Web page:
Helping grads start saving, investing
You’ve got the diploma. You’ve moved over your tassel. Now the real work begins. When you’re paying off student loans, saving and investing may seem like the last things you can afford to do. These apps can help make spending and investing a little less daunting.
Acorns: This investing app takes the concept of “seed money” and runs with it. The app is designed to let you drop in $5 to invest. It also lets you round up purchases you make to the next dollar and invest the difference. The app is simple to set up and makes it easy to start putting money into your account automatically. It’s also easy to stop, if you have a bad month and can’t afford to invest at the time. Acorns works best when you feed your account on a regular basis, even if it’s just a little at a time. This isn’t a get-rich-quick strategy; it’s about slowly growing your money over time.
Robinhood: Robinhood’s goal is to make you rich without making brokerage firms richer, by letting you trade without commissions and fees. The real benefit of Robinhood is that it’s fast. Users can pick the stocks they want and track their performance on the market. It’s also pretty easy to cash out. Robinhood is not as strong on educational tools as other apps, but if you already have a handle on how the markets work, it is an elegant and efficient tool for trading. There is a premium membership available for $10 a month.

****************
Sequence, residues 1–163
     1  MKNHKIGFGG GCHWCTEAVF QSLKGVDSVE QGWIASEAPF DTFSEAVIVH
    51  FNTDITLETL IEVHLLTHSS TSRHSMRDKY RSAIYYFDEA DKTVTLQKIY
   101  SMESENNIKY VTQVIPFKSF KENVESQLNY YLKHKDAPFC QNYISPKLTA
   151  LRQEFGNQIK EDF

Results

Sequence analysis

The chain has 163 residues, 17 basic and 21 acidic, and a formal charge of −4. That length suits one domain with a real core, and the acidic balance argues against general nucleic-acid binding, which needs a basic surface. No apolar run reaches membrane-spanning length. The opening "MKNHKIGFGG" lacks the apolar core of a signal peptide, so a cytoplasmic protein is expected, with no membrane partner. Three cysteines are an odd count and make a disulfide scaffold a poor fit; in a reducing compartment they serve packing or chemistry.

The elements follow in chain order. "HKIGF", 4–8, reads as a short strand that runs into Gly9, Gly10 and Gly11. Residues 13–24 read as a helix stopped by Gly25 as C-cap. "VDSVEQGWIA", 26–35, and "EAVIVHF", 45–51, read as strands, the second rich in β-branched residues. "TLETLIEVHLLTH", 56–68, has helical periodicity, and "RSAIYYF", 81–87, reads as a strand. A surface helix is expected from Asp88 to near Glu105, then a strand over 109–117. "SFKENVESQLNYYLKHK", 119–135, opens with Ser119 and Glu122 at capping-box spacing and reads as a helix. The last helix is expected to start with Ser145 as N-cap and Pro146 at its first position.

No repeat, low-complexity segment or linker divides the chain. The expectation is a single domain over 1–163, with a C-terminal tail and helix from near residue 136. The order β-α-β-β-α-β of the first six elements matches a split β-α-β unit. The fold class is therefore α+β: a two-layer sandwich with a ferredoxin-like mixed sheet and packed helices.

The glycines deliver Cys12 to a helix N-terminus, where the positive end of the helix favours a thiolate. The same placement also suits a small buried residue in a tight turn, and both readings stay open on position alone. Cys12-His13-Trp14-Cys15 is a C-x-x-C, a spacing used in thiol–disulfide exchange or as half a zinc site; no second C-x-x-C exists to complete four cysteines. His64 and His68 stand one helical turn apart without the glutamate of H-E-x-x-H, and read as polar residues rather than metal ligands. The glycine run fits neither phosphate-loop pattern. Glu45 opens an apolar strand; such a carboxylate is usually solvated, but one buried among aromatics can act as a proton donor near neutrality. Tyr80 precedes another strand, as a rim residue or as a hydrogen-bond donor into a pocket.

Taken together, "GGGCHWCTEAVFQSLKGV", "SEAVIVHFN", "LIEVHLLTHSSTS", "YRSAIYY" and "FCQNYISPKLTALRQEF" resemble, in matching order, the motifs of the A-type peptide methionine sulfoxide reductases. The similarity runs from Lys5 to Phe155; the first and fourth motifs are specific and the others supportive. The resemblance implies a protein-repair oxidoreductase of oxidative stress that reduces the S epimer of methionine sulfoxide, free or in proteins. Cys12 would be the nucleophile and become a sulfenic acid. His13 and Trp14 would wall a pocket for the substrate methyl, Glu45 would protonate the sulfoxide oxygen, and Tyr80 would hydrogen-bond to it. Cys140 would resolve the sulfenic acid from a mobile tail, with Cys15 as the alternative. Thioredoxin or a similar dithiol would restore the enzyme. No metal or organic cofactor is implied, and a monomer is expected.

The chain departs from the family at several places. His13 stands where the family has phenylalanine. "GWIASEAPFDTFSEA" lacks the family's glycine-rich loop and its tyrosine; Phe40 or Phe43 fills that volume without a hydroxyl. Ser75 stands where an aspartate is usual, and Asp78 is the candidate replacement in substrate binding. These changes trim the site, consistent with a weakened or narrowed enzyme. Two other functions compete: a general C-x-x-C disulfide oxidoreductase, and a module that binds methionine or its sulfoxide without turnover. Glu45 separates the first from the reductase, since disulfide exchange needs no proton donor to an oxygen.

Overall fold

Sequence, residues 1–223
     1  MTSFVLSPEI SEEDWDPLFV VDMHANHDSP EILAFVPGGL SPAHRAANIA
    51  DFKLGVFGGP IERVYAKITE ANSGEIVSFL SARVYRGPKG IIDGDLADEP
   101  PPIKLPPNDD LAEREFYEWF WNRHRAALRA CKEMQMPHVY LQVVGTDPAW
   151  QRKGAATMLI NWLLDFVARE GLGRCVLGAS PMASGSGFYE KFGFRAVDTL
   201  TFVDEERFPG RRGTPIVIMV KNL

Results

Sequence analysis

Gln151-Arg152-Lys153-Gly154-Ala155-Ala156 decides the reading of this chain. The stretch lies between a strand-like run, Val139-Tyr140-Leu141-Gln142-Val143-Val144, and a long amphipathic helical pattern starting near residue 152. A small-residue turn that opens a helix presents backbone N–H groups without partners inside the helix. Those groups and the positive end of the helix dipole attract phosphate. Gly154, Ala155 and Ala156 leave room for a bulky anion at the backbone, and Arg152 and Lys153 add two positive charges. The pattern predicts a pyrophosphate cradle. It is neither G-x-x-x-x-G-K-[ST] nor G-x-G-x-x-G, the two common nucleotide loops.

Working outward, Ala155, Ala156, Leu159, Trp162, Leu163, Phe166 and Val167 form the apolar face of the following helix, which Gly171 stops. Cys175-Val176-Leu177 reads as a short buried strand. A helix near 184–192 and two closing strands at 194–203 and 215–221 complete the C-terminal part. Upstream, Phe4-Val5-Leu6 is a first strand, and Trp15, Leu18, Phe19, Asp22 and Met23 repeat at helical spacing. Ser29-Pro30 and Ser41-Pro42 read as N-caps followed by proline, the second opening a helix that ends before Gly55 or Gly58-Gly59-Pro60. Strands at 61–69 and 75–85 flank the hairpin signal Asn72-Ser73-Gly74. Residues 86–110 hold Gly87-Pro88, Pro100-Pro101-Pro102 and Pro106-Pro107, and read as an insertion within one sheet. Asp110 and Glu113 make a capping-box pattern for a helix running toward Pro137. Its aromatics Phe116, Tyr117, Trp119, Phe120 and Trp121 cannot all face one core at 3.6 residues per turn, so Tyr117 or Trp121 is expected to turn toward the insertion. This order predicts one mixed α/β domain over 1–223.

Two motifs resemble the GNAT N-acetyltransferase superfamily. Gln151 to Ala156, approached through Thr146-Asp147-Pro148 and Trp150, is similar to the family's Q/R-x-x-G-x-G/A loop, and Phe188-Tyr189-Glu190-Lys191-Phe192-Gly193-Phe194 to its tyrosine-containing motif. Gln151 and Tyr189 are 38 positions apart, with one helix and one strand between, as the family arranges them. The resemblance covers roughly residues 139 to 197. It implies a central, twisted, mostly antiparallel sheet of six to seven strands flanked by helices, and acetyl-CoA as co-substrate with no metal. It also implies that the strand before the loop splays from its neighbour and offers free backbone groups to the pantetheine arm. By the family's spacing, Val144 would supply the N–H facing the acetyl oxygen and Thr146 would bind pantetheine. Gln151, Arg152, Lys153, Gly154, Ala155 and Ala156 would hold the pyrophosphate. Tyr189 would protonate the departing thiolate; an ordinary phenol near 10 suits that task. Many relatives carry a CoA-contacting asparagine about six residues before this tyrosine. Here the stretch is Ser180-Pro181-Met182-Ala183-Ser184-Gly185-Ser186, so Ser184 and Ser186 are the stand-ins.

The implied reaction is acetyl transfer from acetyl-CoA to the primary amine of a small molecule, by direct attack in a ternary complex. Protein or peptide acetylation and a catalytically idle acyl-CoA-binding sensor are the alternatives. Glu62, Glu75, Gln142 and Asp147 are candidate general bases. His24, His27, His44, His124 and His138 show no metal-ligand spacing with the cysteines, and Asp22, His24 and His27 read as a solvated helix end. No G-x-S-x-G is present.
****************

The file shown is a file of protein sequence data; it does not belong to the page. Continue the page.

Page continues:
Stash Invest: Stash Invest also is designed to let you deposit just a little money at once so you can invest consistently over time. Stash also provides a lot of educational information to help you pick investment options that work best for you. It offers ready-made portfolios that give you thematic choices for investing and that list companies in a particular industry or that support certain causes. Choosing among these portfolios can be a little more work upfront than other apps that put your money in a general, diversified fund. But it also gives you a strong basis for moving on to more advanced investing by educating you on the culture of investing.
Clarity Money: With options to help you keep track of bills, streamline debt and set up automatic ways to save, Clarity Money is an (almost) all-in-one financial app. It assesses your finances and suggests subscriptions you can cut or bills you can negotiate. It partners with other companies for some of these services, which can come with (clearly disclosed) fees. The app also cleverly takes into account when your next paycheck is coming so you can better plan what your immediate financial moves should be rather than focusing only on the long haul.
Digit: Digit is laser-focused on getting you to put something away for a rainy day. This app evaluates what’s going in and out of your bank account and socks away money depending on your situation. Digit communicates with you by text message, giving you daily updates about the money it’s pulled into savings. You can make a withdrawal at any time, if you want to spend some cash, or if you think that Digit has been overambitious with your savings abilities. But mostly, you can set it and forget it. You won’t make more money, because you’re not investing or gaining interest. But if saving is all you need, this is a completely manageable way to do it.
Hayley Tsukayama, The Washington Post
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